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Respiratory therapists (RTs) are health professionals who evaluate,
treat, and care for people who have breathing problems. Respiratory therapists use
oxygen, medicines, and mechanical measures such as chest percussion to help
people breathe more effectively.
Most respiratory therapists work under the direct supervision of a
doctor. Respiratory therapists treat people of all ages, from premature babies
with undeveloped lungs to older adults with respiratory disease. Most
respiratory therapists work in hospitals. But some work in nursing homes
and doctor's offices.
Respiratory therapists can be certified as RTs after they complete a college-level, accredited RT program. The National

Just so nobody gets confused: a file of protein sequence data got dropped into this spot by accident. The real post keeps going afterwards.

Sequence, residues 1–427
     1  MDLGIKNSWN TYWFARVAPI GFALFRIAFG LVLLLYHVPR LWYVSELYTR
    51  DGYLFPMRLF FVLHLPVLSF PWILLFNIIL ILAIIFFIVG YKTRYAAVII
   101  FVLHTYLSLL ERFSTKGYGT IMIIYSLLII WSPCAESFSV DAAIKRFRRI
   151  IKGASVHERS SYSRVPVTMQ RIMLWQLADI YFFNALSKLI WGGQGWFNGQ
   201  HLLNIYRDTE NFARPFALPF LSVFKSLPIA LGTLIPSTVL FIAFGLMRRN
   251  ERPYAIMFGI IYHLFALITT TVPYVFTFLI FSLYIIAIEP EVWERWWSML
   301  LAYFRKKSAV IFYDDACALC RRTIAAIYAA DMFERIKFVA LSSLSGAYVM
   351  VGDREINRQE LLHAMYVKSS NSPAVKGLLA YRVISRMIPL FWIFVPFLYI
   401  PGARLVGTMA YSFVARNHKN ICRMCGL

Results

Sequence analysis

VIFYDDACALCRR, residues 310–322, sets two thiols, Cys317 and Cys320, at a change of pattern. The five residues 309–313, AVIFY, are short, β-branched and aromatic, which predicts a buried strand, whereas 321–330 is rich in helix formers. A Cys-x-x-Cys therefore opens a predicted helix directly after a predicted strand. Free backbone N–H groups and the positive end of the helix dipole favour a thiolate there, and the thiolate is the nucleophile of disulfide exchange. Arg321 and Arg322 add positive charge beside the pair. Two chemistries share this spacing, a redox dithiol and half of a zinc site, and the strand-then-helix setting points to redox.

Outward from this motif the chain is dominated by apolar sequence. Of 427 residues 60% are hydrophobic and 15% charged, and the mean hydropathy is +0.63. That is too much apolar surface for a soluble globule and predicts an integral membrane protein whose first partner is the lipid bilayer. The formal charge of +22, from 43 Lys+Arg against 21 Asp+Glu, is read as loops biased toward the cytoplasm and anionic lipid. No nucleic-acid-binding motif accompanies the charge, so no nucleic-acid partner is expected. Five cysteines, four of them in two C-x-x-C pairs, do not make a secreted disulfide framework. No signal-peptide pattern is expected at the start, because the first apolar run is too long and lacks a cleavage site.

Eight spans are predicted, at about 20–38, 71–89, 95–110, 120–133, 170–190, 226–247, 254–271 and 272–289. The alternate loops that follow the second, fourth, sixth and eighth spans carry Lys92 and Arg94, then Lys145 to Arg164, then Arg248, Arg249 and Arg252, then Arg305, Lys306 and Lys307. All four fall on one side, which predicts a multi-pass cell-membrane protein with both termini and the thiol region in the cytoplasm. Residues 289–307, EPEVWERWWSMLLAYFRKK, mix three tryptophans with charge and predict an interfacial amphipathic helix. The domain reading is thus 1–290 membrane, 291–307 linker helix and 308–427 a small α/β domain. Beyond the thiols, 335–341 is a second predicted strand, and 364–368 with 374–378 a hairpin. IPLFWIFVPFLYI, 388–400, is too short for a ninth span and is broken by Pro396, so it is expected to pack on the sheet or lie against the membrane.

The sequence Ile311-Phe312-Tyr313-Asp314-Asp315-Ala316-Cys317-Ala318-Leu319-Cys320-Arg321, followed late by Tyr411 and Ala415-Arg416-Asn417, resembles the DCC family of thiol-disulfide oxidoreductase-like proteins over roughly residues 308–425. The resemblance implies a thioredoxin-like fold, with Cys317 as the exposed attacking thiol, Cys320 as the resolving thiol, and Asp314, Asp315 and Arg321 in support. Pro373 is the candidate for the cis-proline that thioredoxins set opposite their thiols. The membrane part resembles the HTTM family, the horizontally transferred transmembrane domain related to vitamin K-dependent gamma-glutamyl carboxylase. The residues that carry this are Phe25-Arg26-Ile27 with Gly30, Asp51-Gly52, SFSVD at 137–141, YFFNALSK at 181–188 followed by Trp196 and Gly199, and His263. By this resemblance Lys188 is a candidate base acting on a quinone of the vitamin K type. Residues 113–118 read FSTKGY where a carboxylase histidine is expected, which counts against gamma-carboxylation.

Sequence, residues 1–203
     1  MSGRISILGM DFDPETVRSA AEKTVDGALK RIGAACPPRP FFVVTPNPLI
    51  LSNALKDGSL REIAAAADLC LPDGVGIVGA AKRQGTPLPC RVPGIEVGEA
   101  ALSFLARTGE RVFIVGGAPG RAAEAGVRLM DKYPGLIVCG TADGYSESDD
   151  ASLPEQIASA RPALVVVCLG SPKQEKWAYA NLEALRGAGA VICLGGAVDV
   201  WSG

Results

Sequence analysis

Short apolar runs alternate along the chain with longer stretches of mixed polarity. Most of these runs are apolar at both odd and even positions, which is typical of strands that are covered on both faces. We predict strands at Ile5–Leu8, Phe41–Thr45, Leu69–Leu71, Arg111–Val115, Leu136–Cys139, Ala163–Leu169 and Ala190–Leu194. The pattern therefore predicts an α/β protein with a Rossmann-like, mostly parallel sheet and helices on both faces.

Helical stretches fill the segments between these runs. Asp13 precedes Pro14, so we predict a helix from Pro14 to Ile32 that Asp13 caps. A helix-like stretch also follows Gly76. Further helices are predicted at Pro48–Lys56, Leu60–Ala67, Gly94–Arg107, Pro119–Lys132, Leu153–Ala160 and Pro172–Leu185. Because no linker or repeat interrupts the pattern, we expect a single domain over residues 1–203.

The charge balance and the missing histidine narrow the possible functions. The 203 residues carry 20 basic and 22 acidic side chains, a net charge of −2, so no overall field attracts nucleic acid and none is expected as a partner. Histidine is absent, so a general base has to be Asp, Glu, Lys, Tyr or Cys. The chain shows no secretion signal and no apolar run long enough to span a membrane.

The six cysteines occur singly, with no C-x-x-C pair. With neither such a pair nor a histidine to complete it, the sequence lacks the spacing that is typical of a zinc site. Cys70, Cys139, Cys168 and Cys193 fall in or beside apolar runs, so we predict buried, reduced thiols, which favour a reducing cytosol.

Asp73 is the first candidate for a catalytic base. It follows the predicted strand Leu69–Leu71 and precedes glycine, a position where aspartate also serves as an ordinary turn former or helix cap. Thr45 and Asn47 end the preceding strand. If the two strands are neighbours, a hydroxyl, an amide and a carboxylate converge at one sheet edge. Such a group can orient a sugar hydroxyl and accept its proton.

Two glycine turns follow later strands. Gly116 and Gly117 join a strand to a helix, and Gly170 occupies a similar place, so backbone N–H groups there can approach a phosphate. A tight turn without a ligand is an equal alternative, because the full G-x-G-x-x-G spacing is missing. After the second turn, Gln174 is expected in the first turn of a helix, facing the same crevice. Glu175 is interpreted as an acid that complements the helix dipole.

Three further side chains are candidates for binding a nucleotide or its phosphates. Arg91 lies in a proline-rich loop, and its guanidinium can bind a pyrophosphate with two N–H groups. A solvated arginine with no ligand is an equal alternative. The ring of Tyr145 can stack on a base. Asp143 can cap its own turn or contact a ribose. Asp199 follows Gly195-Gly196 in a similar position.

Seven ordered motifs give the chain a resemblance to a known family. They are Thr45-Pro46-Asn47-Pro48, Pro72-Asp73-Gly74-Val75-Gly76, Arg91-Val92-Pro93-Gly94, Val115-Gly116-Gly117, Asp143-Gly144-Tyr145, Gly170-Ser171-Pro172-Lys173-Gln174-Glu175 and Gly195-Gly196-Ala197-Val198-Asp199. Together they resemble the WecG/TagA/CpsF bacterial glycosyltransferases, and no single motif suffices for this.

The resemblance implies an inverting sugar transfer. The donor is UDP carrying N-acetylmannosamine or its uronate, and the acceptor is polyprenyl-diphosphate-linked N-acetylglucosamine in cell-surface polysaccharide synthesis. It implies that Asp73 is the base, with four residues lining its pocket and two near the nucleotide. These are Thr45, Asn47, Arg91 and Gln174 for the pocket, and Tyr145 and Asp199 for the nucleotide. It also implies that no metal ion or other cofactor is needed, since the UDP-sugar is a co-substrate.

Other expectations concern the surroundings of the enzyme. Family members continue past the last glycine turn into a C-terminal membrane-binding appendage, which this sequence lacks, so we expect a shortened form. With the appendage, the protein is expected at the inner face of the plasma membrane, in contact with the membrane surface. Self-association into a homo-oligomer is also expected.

Board for Respiratory Care (NBRC) offers voluntary certification and
registration to graduates of accredited programs. Two credentials are awarded
to respiratory therapists who satisfy the requirements: registered respiratory
therapist (RRT) and certified respiratory therapist (CRT). Either the CRT or
RRT examination is the standard in the states that require licensure.
Current as of:
February 19, 2016
Anne C. Poinier, MD - Internal Medicine & E. Gregory Thompson, MD - Internal Medicine
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